For many, it was. Yet they still tried.
Union artillery raked the Confederate flank from Little Round Top during Pickett’s Charge with murderous effect, probably using both solid shot and canister. Union artillery on Cemetery Hill to the north of the Union center (no photos available) similarly pounded the left flank of the Confederate attack. Union artillery in the line raked the troops from the front. And when they came within range, the Union infantry deployed along Cemetery Ridge engaged them with rifle fire.
The Confederate infantry crossed the fenced road (Emmitsburg Road), then assaulted uphill. Some reached the crest of Cemetery Ridge north of The Angle, briefly causing a small break in the Union line. But only a few from Armistead’s Brigade of Pickett’s Division made it that far. And Union reinforcements quickly arrived to seal the breach.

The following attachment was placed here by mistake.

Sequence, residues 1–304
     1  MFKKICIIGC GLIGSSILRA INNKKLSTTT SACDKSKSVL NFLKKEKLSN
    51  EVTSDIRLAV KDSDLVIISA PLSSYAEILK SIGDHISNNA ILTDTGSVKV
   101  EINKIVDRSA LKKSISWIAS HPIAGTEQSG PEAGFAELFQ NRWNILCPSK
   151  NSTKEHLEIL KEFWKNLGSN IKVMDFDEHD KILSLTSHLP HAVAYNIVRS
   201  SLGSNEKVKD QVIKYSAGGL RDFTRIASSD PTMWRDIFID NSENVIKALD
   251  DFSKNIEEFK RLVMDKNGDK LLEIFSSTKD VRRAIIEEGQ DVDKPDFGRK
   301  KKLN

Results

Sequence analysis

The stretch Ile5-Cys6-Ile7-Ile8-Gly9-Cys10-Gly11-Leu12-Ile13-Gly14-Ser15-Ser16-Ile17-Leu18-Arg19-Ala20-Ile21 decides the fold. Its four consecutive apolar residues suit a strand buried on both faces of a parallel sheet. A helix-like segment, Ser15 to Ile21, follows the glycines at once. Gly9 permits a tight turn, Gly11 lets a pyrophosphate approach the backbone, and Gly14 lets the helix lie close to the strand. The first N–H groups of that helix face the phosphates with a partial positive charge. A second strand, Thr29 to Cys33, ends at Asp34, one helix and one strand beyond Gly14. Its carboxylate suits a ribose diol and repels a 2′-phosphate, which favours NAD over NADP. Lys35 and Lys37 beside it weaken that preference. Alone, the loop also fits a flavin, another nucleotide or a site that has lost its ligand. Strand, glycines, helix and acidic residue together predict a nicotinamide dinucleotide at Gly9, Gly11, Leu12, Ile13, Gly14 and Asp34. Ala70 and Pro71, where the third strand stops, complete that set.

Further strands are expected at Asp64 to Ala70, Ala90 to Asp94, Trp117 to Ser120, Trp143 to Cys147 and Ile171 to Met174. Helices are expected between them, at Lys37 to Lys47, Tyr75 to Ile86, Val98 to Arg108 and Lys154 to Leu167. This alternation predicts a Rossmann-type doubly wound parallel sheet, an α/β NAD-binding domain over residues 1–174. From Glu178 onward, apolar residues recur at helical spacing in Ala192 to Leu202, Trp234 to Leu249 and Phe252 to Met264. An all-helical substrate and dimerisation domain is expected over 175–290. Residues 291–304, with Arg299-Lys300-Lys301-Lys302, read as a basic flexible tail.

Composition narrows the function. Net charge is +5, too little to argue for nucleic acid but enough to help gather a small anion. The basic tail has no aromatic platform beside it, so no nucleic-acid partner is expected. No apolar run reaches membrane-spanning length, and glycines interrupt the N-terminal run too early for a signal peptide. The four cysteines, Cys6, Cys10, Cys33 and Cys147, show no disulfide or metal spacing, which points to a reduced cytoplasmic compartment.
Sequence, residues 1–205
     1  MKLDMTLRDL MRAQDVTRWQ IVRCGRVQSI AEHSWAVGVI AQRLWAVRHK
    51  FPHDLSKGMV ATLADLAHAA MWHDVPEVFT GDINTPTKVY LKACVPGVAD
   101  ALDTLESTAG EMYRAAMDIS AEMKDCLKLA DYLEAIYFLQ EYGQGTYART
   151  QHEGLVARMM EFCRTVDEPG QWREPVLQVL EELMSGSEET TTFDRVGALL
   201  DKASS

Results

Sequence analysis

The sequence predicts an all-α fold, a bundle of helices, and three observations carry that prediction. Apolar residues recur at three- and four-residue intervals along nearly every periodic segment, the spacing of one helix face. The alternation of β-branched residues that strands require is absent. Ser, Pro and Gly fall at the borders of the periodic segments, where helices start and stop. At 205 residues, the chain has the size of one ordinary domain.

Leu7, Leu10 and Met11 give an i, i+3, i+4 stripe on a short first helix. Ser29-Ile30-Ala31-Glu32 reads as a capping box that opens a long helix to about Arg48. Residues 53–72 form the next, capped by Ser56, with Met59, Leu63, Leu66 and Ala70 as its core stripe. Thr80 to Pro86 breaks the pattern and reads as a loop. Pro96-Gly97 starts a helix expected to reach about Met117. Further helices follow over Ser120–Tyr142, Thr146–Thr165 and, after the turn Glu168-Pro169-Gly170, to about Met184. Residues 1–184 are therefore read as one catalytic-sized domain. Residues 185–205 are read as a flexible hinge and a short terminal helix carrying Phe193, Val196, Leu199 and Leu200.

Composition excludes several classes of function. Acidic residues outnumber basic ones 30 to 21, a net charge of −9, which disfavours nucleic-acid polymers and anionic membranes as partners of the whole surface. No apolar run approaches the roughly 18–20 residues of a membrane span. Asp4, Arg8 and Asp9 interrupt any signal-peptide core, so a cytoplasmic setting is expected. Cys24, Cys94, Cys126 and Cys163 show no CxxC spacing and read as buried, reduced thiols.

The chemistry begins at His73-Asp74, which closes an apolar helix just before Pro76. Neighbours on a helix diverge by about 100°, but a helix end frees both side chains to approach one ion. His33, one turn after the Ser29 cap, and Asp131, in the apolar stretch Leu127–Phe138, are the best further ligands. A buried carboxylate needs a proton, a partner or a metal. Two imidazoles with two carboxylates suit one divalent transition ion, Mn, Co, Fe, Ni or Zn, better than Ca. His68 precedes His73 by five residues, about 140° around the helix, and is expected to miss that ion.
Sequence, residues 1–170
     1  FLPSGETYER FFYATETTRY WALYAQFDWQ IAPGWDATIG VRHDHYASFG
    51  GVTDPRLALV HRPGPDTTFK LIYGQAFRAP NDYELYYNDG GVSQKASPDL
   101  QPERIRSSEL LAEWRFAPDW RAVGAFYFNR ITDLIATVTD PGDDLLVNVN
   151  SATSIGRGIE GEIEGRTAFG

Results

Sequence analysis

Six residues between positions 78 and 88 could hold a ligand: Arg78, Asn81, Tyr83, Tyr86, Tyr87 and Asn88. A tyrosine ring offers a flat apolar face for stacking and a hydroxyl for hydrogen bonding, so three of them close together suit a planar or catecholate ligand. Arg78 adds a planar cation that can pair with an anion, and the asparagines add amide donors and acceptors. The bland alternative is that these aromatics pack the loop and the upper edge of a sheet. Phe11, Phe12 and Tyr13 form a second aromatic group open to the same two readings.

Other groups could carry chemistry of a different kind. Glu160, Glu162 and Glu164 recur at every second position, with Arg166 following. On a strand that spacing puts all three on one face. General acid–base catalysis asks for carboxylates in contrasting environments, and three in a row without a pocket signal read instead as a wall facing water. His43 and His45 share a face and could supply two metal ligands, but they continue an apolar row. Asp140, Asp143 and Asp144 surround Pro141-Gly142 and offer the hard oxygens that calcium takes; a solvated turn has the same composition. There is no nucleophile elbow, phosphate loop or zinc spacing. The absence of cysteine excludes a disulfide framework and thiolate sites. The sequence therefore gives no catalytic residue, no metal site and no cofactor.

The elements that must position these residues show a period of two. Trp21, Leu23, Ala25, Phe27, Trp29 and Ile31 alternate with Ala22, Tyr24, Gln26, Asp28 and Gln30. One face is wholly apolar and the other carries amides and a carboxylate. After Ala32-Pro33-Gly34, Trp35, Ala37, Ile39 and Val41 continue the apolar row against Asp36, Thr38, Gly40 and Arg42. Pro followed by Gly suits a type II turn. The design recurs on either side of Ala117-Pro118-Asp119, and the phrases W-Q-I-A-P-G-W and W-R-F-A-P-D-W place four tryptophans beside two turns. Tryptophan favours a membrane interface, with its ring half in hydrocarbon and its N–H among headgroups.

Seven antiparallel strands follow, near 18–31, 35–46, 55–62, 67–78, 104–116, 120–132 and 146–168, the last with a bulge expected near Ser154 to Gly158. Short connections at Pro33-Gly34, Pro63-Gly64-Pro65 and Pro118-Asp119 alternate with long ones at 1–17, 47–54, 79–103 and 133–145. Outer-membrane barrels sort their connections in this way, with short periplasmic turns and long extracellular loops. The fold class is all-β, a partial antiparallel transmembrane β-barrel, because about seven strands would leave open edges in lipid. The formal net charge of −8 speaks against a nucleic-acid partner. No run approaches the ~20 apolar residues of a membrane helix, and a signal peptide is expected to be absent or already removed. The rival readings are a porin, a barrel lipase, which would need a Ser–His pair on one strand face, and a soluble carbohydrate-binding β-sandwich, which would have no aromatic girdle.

The Confederates were then forced to retreat. And retreat they did, under fire, over the same 1,200 meters (3/4 mile) they’d crossed shortly before.
The culmination of Pickett’s charge is often referred to as “the high water mark of the Confederacy”. A monument so named is found at Gettysburg on this spot.
The name is apt. After Gettysburg – and after the Pyrrhic tactical victory but strategic failure at Chickamauga a bit over two months later – the Confederacy would never again have the capability to threaten the Union seriously.
Pickett’s Charge Considered.
The Charge of the Light Brigade at Balaclava occurred less than 9 years before Pickett’s Charge. It was (and still is) renowned for both its high casualty rate and the extreme courage shown by the attackers. Casualties among the Light Brigade (killed/wounded/missing) were approximately 40% – 287 casualties in approximately 670 participants.
So what, then, are we to make of Pickett’s Charge?